Saturday, September 26, 2009
Is nothing sacred?
One of those icons of British engineering and inventiveness is the Bailey bridge. Nothing stands still, of course, and the design has been updated and improved, now called the Mabey logistic support bridge (pictured in Afghanistan) - but it remains recognisably the same basic design as its predecessor.
Sadly now, that icon is irredeemably tarnished as its current manufacturer, the Reading-based Mabey & Johnson, has just been convicted of bribery and, according to The Independent, fined £3.5 million plus costs. It has also been forced to give an undertaking to repay some of its bribes, the whole package of fines and costs setting the company back over £5 million.
The company has admitted to parting with so-called "white man's handshakes" totalling £1 million, thought to have helped it harvest contracts worth £60 million, mainly in Africa, Bangladesh and Jamaica. It also pleaded guilty to "making funds available" - more than £365,000 - to Iraq between May 1, 2001, and November 1, the following year, breaching the UN sanctions against Iraq, securing a £2.56 million contract.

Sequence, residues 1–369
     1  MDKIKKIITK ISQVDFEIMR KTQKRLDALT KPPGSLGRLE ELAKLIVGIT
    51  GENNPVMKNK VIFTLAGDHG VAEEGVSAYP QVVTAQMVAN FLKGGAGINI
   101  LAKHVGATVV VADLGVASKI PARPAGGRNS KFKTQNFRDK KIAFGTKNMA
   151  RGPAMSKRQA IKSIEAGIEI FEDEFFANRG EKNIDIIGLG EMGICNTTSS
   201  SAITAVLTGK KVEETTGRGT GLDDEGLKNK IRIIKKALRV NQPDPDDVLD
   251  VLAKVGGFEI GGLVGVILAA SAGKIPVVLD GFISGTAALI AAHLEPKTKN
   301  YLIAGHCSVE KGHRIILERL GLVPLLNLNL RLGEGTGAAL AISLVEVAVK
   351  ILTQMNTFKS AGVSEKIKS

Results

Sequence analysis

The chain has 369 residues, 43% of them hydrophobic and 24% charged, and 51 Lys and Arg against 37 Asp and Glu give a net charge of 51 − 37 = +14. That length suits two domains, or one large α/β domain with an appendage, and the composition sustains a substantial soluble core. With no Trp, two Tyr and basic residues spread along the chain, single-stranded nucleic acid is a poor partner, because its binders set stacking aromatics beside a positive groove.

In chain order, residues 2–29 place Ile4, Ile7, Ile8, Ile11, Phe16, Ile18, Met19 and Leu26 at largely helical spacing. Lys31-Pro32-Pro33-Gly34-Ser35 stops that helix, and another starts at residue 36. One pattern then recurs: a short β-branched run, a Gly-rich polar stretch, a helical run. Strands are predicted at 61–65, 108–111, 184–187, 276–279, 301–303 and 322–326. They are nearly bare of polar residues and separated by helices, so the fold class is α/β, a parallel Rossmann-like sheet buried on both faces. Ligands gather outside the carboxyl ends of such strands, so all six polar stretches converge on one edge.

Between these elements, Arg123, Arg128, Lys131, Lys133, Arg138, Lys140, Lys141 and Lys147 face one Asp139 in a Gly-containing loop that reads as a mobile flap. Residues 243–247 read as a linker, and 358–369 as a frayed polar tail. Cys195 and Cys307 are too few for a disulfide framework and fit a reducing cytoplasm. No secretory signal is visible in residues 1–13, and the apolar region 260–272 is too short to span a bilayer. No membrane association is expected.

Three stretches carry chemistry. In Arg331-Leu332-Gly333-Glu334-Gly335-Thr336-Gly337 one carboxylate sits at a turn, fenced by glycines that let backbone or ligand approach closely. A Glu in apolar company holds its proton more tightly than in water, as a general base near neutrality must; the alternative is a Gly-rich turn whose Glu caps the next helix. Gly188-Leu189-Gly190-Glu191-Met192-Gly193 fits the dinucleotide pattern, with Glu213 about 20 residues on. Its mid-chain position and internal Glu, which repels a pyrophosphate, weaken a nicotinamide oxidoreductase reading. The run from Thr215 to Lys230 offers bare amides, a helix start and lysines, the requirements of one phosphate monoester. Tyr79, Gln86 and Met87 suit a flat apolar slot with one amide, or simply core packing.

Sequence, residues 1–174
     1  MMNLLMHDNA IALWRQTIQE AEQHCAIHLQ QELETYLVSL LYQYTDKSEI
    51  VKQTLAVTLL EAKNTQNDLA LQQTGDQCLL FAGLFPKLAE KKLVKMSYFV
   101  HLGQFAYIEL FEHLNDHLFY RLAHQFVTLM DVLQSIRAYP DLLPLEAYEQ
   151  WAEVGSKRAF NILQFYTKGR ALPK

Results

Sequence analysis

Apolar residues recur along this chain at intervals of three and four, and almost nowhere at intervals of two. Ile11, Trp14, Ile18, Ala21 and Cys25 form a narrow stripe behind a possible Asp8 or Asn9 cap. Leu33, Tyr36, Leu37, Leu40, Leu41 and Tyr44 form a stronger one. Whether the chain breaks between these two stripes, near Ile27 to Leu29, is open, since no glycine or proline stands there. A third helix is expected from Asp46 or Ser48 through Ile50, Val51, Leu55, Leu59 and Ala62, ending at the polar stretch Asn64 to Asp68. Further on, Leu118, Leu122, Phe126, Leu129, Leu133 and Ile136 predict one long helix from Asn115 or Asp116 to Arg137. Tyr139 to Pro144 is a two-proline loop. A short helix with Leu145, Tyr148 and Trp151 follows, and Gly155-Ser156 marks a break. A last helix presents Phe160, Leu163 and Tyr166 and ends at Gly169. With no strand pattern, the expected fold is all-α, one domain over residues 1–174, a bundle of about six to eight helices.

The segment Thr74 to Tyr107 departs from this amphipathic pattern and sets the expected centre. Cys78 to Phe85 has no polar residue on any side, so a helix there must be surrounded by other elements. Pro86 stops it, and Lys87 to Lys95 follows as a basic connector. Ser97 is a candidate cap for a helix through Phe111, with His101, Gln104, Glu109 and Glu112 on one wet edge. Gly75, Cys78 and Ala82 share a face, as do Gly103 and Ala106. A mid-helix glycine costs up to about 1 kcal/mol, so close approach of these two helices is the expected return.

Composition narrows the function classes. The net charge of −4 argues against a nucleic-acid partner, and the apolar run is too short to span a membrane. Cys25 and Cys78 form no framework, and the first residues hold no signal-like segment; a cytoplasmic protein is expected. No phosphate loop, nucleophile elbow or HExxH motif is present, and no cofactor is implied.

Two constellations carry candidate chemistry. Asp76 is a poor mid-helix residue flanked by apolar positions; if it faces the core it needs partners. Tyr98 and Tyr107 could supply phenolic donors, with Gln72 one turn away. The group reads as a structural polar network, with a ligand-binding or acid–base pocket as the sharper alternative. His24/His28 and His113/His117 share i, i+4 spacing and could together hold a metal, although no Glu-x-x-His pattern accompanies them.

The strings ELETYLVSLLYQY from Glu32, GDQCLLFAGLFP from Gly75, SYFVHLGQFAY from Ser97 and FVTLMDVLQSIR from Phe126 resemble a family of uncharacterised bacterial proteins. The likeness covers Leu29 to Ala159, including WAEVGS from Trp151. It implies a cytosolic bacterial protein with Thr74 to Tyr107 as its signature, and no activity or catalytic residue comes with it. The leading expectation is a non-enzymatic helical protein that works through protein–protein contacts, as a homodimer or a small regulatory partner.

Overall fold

There is one mitigating factor, in that the company reported its own transgressions to the Serious Fraud Office, triggering an investigation and the prosecution, but only after it had left a paper trail of incriminating documents, leaving no doubt of its criminality. One wonders whether the confessions were simply to pre-empt action which would have happened anyway.
That apart, the warm glow of pride one feels when seeing a Bailey bridge in use is no more. Like so many things, this feat of engineering will forever be associated with the stench of corruption.